Future Hosting, a managed provider hosting, warns users of the MongoDB database to verify that their data is protected by authentication and password and that they are not accessible from the open Internet. The warning concerns a new ransomware campaign that erases data from thousands of insecure MongoDB databases last month, exploiting inappropriate security conditions.
Data from 12.000 MongoDB databases was deleted and replaced with a message asking the owner to contact the attacker to give him details about the payment he had to deposit. Unlike traditional ransomware attacks, the data is not encrypted but copied to the attacker's servers and then deleted. More than 275 million people were affected by this violation.
Attacks against unsafe MongoDB databases are common, but the scale of recent attacks is far greater than data leakages and ransomware attacks in recent years.
Future Hosting advises users using MongoDB to familiarize themselves with MongoDB documentation, especially with the Security Checklist, explaining how to enable access controls and enable authentication.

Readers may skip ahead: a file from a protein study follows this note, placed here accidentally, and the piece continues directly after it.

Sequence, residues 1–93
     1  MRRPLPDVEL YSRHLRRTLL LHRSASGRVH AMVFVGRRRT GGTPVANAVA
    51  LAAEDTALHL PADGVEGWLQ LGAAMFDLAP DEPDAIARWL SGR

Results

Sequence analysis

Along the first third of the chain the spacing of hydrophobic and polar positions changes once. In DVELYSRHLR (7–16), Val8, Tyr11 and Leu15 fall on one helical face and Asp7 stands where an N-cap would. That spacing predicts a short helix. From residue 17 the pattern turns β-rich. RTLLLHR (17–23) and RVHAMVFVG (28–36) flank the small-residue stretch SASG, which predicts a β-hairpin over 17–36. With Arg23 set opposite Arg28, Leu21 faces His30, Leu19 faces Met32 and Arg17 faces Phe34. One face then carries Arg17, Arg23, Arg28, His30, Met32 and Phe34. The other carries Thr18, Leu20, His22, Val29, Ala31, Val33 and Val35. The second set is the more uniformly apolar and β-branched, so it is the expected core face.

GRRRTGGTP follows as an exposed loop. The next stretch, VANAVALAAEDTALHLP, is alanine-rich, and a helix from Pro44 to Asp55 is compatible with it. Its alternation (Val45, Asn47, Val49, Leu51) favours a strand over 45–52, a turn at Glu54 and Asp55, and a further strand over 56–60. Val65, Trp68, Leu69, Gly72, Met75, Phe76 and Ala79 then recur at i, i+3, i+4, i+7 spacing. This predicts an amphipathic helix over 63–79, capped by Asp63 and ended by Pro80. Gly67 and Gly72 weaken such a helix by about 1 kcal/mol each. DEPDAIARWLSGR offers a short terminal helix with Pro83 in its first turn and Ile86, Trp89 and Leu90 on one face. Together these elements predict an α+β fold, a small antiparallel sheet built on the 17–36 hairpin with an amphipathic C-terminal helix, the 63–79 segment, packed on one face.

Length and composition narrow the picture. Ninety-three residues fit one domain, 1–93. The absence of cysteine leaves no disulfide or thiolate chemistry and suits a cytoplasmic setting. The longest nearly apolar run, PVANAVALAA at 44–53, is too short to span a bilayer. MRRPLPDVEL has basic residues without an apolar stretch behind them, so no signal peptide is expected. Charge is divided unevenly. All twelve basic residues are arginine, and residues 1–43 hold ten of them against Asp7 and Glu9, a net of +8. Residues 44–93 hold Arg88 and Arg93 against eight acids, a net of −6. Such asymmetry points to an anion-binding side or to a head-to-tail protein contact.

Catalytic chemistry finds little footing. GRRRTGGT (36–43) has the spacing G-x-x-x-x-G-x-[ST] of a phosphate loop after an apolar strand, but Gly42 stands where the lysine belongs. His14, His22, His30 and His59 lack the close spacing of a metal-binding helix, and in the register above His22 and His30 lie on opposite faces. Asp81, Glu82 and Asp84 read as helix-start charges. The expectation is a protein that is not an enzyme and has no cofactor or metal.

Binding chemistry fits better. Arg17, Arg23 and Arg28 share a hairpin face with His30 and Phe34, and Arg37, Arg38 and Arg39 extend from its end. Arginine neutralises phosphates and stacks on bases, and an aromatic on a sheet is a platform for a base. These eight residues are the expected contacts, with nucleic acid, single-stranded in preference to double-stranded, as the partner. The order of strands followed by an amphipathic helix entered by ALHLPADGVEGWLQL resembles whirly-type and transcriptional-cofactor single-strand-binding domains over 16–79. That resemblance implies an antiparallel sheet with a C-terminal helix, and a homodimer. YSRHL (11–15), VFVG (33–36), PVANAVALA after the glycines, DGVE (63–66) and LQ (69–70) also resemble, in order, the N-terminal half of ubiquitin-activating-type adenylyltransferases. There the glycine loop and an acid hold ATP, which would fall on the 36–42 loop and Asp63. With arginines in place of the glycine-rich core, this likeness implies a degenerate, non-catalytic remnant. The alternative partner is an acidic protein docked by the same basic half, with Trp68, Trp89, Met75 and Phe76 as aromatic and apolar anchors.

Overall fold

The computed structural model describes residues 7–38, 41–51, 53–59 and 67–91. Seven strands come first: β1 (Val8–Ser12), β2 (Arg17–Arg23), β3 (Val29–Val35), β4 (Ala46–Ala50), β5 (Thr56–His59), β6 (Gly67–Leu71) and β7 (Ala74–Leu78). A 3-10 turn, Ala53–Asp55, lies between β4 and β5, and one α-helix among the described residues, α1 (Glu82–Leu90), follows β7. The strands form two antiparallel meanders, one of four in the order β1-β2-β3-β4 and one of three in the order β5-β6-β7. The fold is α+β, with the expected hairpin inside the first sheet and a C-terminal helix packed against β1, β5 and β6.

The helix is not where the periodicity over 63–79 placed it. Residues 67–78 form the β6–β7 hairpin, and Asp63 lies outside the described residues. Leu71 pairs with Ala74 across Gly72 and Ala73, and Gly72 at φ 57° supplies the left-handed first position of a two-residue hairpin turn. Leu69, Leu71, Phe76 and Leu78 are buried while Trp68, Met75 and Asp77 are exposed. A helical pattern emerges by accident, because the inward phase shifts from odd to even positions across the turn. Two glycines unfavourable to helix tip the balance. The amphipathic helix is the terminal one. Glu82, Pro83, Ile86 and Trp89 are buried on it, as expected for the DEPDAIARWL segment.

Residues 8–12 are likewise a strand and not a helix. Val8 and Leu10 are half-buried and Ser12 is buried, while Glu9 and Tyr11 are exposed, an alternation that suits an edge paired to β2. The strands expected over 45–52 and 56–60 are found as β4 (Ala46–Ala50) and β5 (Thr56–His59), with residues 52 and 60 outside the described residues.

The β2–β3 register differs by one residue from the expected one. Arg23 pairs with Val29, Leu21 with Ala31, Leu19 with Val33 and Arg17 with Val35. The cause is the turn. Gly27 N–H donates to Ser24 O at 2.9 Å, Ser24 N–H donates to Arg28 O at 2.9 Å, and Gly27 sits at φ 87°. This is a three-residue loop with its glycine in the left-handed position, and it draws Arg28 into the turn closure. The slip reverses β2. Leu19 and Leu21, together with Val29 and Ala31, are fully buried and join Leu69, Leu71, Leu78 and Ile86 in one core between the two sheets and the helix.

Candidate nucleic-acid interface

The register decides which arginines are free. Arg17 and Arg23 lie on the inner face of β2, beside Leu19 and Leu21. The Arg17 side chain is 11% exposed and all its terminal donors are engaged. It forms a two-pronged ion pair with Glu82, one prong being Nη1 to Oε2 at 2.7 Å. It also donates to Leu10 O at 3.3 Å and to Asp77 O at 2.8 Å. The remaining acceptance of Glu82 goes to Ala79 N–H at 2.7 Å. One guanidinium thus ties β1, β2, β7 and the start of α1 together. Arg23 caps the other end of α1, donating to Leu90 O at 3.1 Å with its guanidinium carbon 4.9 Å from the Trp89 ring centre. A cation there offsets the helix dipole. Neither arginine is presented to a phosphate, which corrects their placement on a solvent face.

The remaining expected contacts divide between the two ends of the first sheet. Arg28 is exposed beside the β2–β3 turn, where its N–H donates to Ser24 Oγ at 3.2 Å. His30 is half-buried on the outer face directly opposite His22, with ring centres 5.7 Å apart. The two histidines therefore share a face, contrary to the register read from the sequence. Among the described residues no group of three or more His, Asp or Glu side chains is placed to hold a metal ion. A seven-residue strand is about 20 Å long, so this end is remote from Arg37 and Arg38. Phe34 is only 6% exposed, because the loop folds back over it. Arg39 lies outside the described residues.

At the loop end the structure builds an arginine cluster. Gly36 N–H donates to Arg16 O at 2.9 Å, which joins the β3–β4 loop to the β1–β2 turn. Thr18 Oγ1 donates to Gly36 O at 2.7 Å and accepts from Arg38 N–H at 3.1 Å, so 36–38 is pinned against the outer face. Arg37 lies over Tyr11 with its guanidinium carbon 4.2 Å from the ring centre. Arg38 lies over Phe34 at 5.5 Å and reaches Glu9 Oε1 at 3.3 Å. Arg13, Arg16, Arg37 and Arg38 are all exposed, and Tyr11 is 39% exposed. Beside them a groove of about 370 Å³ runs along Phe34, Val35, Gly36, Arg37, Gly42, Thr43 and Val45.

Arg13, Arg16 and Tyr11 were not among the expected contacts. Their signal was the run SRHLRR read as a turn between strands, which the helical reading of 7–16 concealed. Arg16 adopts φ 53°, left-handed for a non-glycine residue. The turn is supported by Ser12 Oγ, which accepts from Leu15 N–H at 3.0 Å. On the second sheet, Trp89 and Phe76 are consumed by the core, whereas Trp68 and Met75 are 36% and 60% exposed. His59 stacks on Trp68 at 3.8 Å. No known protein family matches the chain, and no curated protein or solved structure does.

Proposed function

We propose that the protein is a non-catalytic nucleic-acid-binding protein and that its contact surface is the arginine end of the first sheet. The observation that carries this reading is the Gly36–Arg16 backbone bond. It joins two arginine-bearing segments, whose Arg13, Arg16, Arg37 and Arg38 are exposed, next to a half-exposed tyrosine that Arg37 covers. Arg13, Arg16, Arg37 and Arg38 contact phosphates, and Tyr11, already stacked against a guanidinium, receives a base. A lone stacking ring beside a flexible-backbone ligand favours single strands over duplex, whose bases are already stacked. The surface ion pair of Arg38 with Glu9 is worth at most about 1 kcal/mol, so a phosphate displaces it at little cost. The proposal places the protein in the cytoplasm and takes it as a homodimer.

MongoDB is not inherently insecure, meaning that attackers do not exploit any software vulnerability. However, inexperienced users often fail to properly format the database, allowing it to respond to requests from arbitrary IP addresses without authentication.
Attack victims may not be aware that MongoDB requires settings to protect data from external access. They can also falsely believe it is difficult to find unsafe databases. But tools such as the Shodan search engine and BinaryEdge make it easier to find unsafe devices and services online.